How often do you read a book that brings tears to your eyes? For me, certainly, not
often, maybe never. But this book, Another Work Is Possible, did. Let me explain.
This book is, on its surface, a recounting of the process of building a timber-framed
blacksmith shop next to the author's woodshop. In August 2019, an international 35 -
member team from Charpentiers San Frontieres (CsF) assembled in rural Maine to
spend a little over a week creating the structure. They assembled the frame, starting
with raw white pine logs, finished them, cut the joinery, raised the walls and installed the
rafters. Klein relates all of this in a telling that follows the chronological order of events.
But what lies on the surface can be misleading, and in this case there is much more to
the story. That story is about a magical time, a time of shared labor, of teaching and
learning, of camaraderie, of joy.
It began almost by chance, when the head of the CsF was seeking a viable project for
the team to come to America and learn American timber framing practices. An email to
Klein led to the offhand mention that he was thinking about building a blacksmith shop
on his property. That idea soon blossomed into a concrete proposal, and the project
The first step was to design the structure, which was based on New England barn
frames, with some modifications to accommodate the French workers, who were more
familiar with the different construction methods than the Americans. The plans were
drawn out by hand and modified numerous times before they could serve as a
blueprint for the structure.
The foundation, composed of specially cut 16 in. granite blocks, was installed by the
shared labor of students from one of his classes, in but a day. The framing timber of
Eastern White Pine — chosen for its relative freedom from knots and relative ease of
working — came from a neighboring woodlot. The rafters and joists came from Klein's
own stand of trees.
Before the team arrived from all parts of the compass, many preparations were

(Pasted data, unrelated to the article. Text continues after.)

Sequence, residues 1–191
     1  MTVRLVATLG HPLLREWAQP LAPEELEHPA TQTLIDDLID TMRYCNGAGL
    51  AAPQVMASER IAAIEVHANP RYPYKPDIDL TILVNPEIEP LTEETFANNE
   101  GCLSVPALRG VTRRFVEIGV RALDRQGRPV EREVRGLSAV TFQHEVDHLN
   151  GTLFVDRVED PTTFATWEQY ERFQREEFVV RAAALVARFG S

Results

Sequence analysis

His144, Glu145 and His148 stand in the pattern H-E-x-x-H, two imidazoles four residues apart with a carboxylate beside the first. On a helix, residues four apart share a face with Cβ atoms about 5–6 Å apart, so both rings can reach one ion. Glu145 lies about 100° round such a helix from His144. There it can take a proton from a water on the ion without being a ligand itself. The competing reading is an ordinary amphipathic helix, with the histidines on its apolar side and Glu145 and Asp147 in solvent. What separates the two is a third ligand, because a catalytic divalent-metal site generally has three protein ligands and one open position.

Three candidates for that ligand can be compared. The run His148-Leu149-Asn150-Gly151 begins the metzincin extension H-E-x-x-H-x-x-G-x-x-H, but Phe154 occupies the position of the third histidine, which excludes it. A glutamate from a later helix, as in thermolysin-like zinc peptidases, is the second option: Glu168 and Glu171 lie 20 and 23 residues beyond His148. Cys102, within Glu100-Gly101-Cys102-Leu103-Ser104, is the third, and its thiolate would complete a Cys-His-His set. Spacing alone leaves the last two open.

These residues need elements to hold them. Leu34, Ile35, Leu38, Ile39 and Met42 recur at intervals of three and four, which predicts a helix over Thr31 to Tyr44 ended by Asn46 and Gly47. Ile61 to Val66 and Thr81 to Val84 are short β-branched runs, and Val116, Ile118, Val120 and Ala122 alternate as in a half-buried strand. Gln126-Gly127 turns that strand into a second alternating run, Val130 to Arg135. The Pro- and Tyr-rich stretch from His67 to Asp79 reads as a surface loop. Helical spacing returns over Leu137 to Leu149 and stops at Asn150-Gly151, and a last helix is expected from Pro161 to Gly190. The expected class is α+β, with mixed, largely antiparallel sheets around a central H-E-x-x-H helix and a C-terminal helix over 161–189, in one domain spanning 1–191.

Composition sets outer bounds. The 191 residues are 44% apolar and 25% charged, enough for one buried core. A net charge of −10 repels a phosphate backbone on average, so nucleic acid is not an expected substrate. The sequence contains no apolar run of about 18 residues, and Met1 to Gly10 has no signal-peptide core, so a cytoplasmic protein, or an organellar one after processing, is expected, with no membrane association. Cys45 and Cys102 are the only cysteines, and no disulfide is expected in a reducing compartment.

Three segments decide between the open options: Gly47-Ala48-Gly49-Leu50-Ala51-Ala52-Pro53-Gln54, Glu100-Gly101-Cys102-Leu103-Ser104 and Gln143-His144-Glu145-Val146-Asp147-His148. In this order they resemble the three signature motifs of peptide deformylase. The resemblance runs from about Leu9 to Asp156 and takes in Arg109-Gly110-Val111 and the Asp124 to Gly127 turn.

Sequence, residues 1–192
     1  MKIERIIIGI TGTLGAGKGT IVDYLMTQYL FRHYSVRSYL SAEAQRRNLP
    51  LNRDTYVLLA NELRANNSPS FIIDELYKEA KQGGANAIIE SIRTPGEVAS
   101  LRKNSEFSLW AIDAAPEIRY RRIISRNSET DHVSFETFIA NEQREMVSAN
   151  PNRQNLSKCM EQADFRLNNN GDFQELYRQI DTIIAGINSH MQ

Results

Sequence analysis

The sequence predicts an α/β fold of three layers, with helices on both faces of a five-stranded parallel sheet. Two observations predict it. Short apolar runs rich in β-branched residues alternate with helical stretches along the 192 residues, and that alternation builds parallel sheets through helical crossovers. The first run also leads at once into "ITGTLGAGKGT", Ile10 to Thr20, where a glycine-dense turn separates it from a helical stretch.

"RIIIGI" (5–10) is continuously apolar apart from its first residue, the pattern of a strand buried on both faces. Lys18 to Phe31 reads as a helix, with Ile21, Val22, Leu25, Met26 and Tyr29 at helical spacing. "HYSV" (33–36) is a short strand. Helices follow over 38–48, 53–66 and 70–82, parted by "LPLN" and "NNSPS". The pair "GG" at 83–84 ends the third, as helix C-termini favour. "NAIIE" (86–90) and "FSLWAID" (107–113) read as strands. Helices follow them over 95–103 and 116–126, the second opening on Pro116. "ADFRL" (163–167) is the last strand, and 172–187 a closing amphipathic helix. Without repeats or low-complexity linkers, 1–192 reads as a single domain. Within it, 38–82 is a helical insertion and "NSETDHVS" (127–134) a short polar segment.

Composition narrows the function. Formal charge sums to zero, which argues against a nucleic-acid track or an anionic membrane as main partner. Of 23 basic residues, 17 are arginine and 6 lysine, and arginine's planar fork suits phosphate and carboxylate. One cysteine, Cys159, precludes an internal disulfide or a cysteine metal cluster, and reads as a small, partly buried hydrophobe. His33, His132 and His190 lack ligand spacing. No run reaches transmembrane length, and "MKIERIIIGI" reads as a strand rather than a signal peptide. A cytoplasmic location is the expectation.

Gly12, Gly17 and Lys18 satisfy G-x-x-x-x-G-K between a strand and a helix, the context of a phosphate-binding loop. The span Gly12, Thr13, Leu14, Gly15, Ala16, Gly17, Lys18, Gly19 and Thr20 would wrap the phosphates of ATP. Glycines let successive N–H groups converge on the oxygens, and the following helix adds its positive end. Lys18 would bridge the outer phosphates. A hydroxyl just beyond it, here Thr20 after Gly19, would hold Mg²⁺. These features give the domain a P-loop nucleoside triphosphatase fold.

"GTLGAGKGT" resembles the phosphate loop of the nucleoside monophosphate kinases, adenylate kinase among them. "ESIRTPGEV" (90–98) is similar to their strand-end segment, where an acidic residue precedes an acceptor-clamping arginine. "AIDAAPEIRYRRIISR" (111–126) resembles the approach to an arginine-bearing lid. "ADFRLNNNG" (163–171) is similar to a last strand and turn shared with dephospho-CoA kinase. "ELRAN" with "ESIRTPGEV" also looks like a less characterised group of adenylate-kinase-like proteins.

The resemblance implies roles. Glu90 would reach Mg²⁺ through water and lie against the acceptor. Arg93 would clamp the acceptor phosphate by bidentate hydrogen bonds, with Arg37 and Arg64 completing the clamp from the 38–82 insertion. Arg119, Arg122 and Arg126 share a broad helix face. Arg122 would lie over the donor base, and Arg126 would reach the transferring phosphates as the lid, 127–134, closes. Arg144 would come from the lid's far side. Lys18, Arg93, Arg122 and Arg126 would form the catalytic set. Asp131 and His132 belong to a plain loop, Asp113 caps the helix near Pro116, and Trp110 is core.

undertaken. A temporary kitchen was established, locally-grown food supplies were
sourced, Klein's woodshop was converted into a dining area, sleeping quarters were
obtained, and hewing stations were set up on the grounds.
Then the team arrived and after a day of recuperation work began. The logs were
elevated on "bunks" with an assortment of dogs to keep them from rolling while the
workers stood atop them. The bark was peeled only where chalk lines were snapped to
guide the shaping, this to enable surefootedness on the otherwise slippery green wood.
The process, once the dimensions were laid out, was to score and notch the logs,
joggle or rough trim them, and finally hew smooth faces on each side.
Many shapes of axes were in use, each worker having his or her own preference. The
work went quickly, taking about three hours to take a log from rough to finished timber,
so that the entire frame was ready in two days.
Cutting the joinery followed. One day was taken up laying out the joinery, another in
cutting mortises and tenons by the American square rule method. It was a major goal of
the project to teach this new-to-them system to the French workers. The square rule
system employs rulers and squares to cut standard sized joints so parts can be installed
interchangeably. Boring machines and T-augurs cleared out the mortises, which were
then finished by chisel work. At the same time, pit saws were used to rip the curved
hardwood beams so they could be bookmatched into the frames.
As the work progressed, the spirit of the workers rose to a place of genuine joy. As Klein
notes, joy is the product of engagement in the whole work, that when the woodworker
faces tasks that use acquired skills and yet pose new challenges, a sense of "flow"
emerges. When this happens, work becomes a pathway to joy.